A body found by the Coast Guard off Nea Kallikratia in Chalkidiki peninsula was confirmed to be that of a fisherman, 62, who went missing during Wednesday’s storm, authorities said. The body was identified by his family. This brings the casualties from the severe storm in northern Greece to seven, with 26 being hospitalized (among them, 5 children).
An 8-year boy and a 54-year woman from Romania were killed when the roof of a restaurant they were dining fell as a result of gale-force winds, rain and hailstorms that struck in the area. Earlier, two elderly Czech tourists were killed when strong winds and water swept away their travel trailer.
Two more deaths were recorded in Nea Potidea, where a tree fell on a 39-year-old Russian and his son, about two years old, living in a hotel unit in the area.
Expressing his condolences to the families of the victims and his support to those that sustained damage or injuries from the deadly storm that struck parts of Greece, government spokesperson Stelios Petsas on Thursday noted that state services had mobilised immediately, especially in Chalkidiki.
Petsas also promised immediate action to help address the extensive damage inflicted by the storm, including compensation to farmers, and said that restoring power will be a priority.
The General Secretariat for Civil Protection had issued a warning in four languages about dangerous weather conditions on Wednesday, Petsas said during a press briefing on Thursday.
Prime Minister Kyriakos Mitsotakis was immediately informed of the disaster in Chalkidiki peninsula, and has directed that a mission of relevant ministers go in person to the area, Petsas said. The premier has also been directly briefed by the Health Minister about the victims, the government spokesman added.
Speaking of extensive power outages in the area, Petsas said the problem with the Public Power Corporation (PPC) relates to high voltage, adding that electricity will have been restored by Saturday the latest. Extraordinary and direct subsidies for infrastructure repairs will be given to the three municipalities of Chalkidiki most affected by the overnight storm, he added.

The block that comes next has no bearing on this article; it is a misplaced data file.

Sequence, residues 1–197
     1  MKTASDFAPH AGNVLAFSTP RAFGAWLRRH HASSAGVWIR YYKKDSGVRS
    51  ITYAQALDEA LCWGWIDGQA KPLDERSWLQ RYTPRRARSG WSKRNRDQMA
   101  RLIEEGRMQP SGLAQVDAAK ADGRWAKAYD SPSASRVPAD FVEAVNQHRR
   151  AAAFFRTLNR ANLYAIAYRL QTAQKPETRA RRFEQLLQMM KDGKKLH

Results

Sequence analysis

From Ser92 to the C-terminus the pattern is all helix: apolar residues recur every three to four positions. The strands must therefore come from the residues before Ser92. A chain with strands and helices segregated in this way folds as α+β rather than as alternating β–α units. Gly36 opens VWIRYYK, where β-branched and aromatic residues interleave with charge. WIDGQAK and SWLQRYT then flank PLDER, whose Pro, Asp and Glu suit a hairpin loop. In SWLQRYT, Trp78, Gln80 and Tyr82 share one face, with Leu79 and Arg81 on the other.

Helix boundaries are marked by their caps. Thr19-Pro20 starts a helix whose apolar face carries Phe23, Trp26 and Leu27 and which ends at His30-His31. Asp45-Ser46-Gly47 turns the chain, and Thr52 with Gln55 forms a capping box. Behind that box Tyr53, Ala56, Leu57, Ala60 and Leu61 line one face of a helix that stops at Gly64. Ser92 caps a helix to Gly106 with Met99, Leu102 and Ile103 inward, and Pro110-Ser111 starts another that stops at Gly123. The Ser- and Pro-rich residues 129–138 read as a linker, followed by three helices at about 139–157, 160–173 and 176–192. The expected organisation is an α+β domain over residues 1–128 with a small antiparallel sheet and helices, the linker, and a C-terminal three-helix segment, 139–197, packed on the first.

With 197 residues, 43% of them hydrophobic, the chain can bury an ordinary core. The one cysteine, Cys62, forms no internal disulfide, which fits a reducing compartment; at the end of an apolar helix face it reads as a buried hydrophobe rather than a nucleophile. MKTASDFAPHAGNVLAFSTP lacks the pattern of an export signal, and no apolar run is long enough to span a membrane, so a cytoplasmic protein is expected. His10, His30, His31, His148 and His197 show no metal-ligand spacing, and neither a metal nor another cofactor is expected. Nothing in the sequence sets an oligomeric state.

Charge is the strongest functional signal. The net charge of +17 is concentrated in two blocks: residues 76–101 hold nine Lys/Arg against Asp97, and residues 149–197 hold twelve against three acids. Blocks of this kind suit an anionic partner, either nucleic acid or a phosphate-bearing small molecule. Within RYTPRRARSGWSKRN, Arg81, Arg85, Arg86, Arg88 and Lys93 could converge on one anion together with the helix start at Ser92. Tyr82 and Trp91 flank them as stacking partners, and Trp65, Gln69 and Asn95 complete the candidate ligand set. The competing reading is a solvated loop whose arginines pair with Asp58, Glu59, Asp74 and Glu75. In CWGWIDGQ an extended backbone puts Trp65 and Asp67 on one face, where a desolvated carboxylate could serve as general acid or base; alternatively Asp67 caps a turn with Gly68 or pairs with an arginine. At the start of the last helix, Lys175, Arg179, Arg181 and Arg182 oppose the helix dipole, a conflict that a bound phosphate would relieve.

Petras pointed out that the European emergency number (112) is not working, and a special meeting with mobile phone representatives will be held on the issue on Friday and the line tested, while respective foreign embassies have been informed about the victims who were foreign nationals.
Asked if Prime Minister Kyriakos Mitsotakis plans to visit the area, the spokesman said that it is not the right time for this, but if deemed necessary within the next few days, Mitsotakis will do so.
Fire brigade received 1,182 calls during deadly storm
The fire brigade got 1,182 calls for help during the deadly storm that hit northern Greece and other parts of the country, fire brigade spokesperson Vassilis Vathrakogiannis said during a briefing on Thursday.
He said that 243 fire men and 96 vehicles had responded to calls, while also expressing the fire brigade’s deep sorrow and its condolences to the families of the seven victims.
He said that fire engines were deployed throughout the area where the storm was expected to hit when the national meteorological service (EMY) issued an emergency storm warning at 15:30 on Wednesday, which had largely coincided with the places where the extreme weather phenomena occurred.
“The operations are continuing, chiefly in the Chalkidiki region, where the fire brigade has received a total of 600 calls and where a force of 87 fire brigade officers with 37 vehicles and a 21-person team on foot remains on hand,” the spokesperson said, noting that the mobilisation was now gradually being scaled back.